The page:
Several techniques for clinical NFL evaluation have been described. Ophthalmoscopic examination using red-free light and NFL photography have been used for many years, but these techniques are limited to eyes with clear media and to good cooperation of the patient and are difficult to perform and interpret. The slit-lamp biomicroscopic NFL examination and NFL photography evaluation are subjective and depend on the experience of the examiner (and also the photographer, as in the case of NFL photography).
Other technologies, such as scanning laser polarimetry, have been developed to measure the thickness of the NFL. This device is based on changes in polarization of light and retardation, which is related to the NFL thickness. Unfortunately, the NFL is not the only birefringent structure in the eye, and it remains unclear what the effects of corneal and lenticular birefringence and aging are on polarimetric measurements. Polarimetric measurements can be influenced by peripapillary atrophy or chorioretinal scars, which may occur in healthy eyes or eyes with disease other than glaucoma.34
Optical coherence tomography enables cross-sectional visualization and direct measurement of NFL thickness. Low coherence light is applied through a noncontact, non-invasive instrument and depicts the retinal microstructure with a resolution of 10 μ
m. We found good correlation of NFL measurements by OCT to histopathologic analysis (Huang LN, Schuman JS, Kloizman TP, et al. Poster presentation at the Association for Research in Vision and Ophthalmology Annual Meeting, 1997; and Schuman JS, Pedut–Kloizman T, Pieroth L, et al. Oral presentation at the Association for Research in Vision and Ophthalmology Annual Meeting, 1996). The reproducibility of OCT measurements compares well with other currently available ophthalmic instrumentation designed for optic nerve and NFL analysis.23,35–38
In cross-sectional studies, focal defects are found in approximately 20% of glaucomatous eyes examined.15
Quigley et al2
divided the types of NFL defects of patients who developed a visual field defect within a period of 5 years into upper and lower NFL zones. He found bundle defects in 5% superiorly and 3% inferiorly.
The gender distribution in our study did not correlate with that of previously described reports of bundle defects of the NFL, as the majority of our study patients were female. This distribution would not be expected to influence NFL measurements, as reported previously.22
It may indeed be that focal defects actually occur more frequently in women than in men; however, the number of study subjects in our study was not high enough to address this question. It is likely that this gender imbalance merely reflected the nature of our patient pool.
There are discrepancies in the literature about the pathogenesis of focal and diffuse defects of the NFL. Samuelson and Spaeth39
found a significantly lower maximal pretreatment IOP among patients with focal visual field defects than among those with diffuse visual field loss. Most of the patients analyzed also had focal NFL defects. Vascular, structural, and mechanical factors may increase laminar susceptibility, independent of IOP.
We chose to differentiate focal NFL defects from focal visual field defects because visual field changes in the earlier stages of glaucoma are difficult to track and can show a heterogenous pattern.1–4,13,40
Based on findings in the studies cited above, we conclude that evaluation of the NFL may be superior to visual field testing in the earliest stages of glaucoma, because of its high sensitivity.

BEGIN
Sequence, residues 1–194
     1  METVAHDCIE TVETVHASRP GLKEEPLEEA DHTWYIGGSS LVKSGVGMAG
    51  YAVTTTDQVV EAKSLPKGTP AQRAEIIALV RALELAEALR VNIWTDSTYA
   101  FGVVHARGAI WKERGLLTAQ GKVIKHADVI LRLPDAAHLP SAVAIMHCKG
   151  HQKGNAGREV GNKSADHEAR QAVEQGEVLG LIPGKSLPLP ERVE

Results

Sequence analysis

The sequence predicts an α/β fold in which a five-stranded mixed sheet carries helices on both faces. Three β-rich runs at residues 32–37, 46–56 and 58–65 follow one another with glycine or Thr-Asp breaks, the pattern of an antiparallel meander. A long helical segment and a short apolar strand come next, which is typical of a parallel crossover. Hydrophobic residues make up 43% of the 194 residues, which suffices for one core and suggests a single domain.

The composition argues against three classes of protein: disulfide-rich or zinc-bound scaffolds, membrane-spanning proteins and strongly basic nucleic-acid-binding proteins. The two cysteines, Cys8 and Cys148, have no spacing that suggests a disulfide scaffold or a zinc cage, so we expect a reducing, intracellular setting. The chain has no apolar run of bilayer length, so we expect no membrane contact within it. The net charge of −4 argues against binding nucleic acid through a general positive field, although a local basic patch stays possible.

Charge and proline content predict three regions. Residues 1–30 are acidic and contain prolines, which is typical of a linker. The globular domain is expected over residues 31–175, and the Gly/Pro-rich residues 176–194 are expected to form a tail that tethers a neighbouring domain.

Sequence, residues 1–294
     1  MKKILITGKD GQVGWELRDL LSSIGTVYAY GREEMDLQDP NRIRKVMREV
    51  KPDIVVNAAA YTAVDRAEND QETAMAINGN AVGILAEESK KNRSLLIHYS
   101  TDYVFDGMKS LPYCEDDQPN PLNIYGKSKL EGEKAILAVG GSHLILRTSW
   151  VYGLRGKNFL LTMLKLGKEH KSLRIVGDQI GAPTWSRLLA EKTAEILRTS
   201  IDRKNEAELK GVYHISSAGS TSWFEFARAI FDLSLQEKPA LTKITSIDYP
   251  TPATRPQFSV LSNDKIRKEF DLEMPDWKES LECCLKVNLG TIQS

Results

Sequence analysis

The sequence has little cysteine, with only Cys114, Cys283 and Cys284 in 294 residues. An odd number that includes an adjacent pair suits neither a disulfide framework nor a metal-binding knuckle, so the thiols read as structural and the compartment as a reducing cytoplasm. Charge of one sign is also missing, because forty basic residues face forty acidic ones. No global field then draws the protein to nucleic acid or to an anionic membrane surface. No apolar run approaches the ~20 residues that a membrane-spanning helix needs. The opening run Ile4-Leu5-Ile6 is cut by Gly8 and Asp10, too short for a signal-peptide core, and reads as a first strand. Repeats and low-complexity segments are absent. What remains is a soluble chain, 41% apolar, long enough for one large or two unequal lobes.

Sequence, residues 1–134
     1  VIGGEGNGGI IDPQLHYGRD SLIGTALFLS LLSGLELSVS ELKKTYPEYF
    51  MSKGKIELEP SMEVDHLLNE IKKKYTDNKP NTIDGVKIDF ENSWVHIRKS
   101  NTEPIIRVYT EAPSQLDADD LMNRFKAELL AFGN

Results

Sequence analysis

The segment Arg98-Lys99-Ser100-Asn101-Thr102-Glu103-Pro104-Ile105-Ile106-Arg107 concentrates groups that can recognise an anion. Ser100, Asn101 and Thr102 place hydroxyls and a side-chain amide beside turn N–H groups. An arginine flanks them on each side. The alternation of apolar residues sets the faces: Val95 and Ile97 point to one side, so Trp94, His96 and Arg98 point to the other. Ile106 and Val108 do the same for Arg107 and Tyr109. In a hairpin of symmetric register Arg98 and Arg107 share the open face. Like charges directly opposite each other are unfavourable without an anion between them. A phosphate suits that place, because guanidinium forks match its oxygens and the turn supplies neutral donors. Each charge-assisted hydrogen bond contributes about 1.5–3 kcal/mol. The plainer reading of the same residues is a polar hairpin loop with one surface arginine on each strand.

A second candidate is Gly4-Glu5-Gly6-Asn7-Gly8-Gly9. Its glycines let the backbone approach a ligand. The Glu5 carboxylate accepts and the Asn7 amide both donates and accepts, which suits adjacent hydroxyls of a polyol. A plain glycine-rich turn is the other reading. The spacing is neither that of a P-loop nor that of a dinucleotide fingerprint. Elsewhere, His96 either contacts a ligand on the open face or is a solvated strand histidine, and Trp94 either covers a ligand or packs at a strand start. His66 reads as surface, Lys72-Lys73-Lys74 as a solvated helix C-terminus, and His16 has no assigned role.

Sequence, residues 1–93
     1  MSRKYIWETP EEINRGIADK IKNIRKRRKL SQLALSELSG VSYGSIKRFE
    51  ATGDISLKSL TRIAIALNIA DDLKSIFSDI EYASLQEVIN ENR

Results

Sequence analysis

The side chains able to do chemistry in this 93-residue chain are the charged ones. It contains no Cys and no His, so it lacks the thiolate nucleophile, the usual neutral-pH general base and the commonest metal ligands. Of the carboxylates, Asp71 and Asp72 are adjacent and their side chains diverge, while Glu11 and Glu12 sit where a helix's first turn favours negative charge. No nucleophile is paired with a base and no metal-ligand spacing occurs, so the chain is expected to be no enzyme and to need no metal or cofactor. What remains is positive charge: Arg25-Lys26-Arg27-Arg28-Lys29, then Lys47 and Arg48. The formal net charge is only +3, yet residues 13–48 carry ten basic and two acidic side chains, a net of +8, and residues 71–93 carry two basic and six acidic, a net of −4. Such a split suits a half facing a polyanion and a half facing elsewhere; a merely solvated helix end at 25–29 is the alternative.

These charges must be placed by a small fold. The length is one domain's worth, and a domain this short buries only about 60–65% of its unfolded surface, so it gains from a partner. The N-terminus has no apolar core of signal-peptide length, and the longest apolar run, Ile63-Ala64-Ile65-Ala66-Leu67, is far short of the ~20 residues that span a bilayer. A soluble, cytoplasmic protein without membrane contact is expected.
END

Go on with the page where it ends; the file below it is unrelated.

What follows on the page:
Future studies will investigate in more detail which longitudinal changes in NFL thickness occur in patients with glaucoma. Furthermore, we expect additional refinements in our diagnostic criteria as more normative OCT data become available.
Localized NFL defects seem to occur in the early stages of glaucoma and are sometimes associated with optic disc hemorrhages. The stages of glaucoma in our study correlated with previously described focal defects of the NFL.14,16,17,21,41
Most case subjects in our study had early glaucoma. In this study, it is not possible to determine whether the focal defects preceded the development of diffuse defects.
The location of the focal NFL defects in this study also correlated with previously described focal defects. The focal NFL defects were located in the inferotemporal and superotemporal regions of the NFL. Jonas et al42,43
similarly found that focal NFL defects occur significantly more often in the inferior fundus region, followed by the superior areas and the temporal region.
We found a specificity of 81% and a sensitivity of 65% of detecting focal defects solely through statistical analysis of OCT measurements (i.e., without clinical interpretation of the tomographic OCT scan). Sensitivity may improve when more normative data are available.
Optical coherence tomography permits us to detect focal defects independent of the visibility of the NFL. Thus, the chances of detecting these defects in areas of physiologic decreased visibility are higher using OCT than compared to conventional clinical methods.44
We found that focal defects are often demarcated by blood vessels (, , and ); it is possible that blood vessels provide structural support for the NFL from the periphery toward the ONH.
Optical coherence tomography is an objective, reproducible, and sensitive tool to track localized defects of the NFL and may provide early detection of glaucomatous damage.18,45
Although clinical NFL examination has been recommended as a most sensitive indicator of glaucoma,3,4
clinical examination is difficult and subjective, and NFL photography requires high technical skill. It is critical that accurate NFL assessment be performed by all clinicians; OCT not only facilitates NFL evaluation, but it permits quantitative, objective, and reproducible tissue measurements.